Mexico (New Spain) in the 17th and 18th centuries was an area that enjoyed enormous economic prosperity. Each year, galleon ships crossed the Pacific and brought porcelain, silks, ivory, spices and a myriad ofother goods from China to Mexico. The stylistic features and design of many of these trade items influenced the artists and designers working in Mexico. Mexican talavera pottery displayed the impact of galleon trade most vividly, while Manila silk shawls, featuring Chinese motifs and decorative techniques, inspired the decoration of Mexican textiles.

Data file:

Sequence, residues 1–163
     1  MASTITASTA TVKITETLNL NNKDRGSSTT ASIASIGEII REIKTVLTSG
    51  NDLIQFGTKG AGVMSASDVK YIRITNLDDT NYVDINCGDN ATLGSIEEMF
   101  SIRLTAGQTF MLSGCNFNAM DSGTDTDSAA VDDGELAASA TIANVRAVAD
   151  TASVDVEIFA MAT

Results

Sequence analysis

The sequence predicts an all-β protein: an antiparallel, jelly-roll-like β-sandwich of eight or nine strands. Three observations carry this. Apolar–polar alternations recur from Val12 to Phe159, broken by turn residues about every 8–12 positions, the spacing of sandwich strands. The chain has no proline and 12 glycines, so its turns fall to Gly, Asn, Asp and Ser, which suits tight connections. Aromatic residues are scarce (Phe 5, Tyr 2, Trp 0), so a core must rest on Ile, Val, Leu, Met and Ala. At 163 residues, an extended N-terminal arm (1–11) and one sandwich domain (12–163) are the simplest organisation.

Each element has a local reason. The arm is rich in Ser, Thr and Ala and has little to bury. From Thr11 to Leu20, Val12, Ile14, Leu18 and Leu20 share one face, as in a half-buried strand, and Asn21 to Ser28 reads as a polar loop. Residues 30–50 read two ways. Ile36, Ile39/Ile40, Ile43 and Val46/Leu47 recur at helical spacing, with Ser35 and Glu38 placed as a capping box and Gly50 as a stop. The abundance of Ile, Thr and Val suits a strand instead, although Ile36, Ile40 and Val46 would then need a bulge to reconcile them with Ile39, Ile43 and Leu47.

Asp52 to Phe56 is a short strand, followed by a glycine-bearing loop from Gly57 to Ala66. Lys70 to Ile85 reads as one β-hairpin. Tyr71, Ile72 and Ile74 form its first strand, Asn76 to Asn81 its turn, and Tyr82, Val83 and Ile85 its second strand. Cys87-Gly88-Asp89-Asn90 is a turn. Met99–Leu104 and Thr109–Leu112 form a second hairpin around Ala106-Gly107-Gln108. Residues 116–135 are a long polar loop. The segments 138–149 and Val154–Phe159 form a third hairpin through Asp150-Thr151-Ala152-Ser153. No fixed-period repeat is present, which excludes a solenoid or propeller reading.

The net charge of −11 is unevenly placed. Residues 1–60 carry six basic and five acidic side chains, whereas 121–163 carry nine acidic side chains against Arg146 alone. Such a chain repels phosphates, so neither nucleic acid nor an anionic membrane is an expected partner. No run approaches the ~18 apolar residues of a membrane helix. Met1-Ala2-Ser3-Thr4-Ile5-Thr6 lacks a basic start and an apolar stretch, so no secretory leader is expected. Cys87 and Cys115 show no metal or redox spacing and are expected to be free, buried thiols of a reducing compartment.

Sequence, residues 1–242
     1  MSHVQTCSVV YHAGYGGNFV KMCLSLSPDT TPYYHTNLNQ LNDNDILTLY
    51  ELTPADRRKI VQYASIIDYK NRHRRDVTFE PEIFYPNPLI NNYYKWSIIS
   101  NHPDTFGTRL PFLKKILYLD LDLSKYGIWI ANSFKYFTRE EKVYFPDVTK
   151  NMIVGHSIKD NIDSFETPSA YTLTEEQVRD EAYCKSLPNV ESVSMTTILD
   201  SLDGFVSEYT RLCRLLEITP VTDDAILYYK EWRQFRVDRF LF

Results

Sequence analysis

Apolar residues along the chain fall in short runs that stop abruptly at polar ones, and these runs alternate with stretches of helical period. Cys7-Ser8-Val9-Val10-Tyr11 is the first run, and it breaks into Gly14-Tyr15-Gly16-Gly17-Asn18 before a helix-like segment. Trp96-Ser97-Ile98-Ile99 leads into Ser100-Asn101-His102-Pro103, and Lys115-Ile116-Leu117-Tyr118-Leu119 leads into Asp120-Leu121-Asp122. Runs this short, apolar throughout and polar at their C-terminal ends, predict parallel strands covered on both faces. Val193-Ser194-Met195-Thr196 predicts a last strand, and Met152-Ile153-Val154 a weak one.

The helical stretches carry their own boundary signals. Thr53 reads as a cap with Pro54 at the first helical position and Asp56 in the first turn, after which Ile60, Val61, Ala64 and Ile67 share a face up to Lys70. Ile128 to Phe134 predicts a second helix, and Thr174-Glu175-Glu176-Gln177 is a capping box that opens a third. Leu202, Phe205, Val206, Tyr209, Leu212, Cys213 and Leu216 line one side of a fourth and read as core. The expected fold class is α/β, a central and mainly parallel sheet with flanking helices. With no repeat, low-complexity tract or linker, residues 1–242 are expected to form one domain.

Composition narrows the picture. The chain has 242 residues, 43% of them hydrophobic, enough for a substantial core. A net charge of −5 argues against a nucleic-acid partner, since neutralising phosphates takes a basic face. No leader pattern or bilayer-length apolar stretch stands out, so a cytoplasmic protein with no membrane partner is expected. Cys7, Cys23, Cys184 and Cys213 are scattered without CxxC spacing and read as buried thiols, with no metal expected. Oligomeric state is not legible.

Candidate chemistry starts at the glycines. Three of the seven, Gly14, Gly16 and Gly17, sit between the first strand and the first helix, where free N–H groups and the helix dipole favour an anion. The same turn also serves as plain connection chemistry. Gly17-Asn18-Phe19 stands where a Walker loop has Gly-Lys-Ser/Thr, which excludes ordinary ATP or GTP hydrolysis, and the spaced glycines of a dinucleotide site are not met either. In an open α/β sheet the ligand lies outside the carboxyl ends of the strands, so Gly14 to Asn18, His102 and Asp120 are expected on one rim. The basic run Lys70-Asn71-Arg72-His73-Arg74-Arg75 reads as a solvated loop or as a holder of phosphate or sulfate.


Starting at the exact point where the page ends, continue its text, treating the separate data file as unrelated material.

Brenda Brandt holds a Ph.D. from Florida State University. She is a published author who has held faculty positions at the University of Arizona and Colorado State University as a researcher and educator. Past museum experience includes curatorial and education responsibilities in history and cultural museums in the Phoenix metropolitan area. Her study of the social relationships that people have with material culture, as well as her study of the design, meanings and significance of objects worldwide, led her to open BMB Artifact SERVICES, a consulting business based in Phoenix.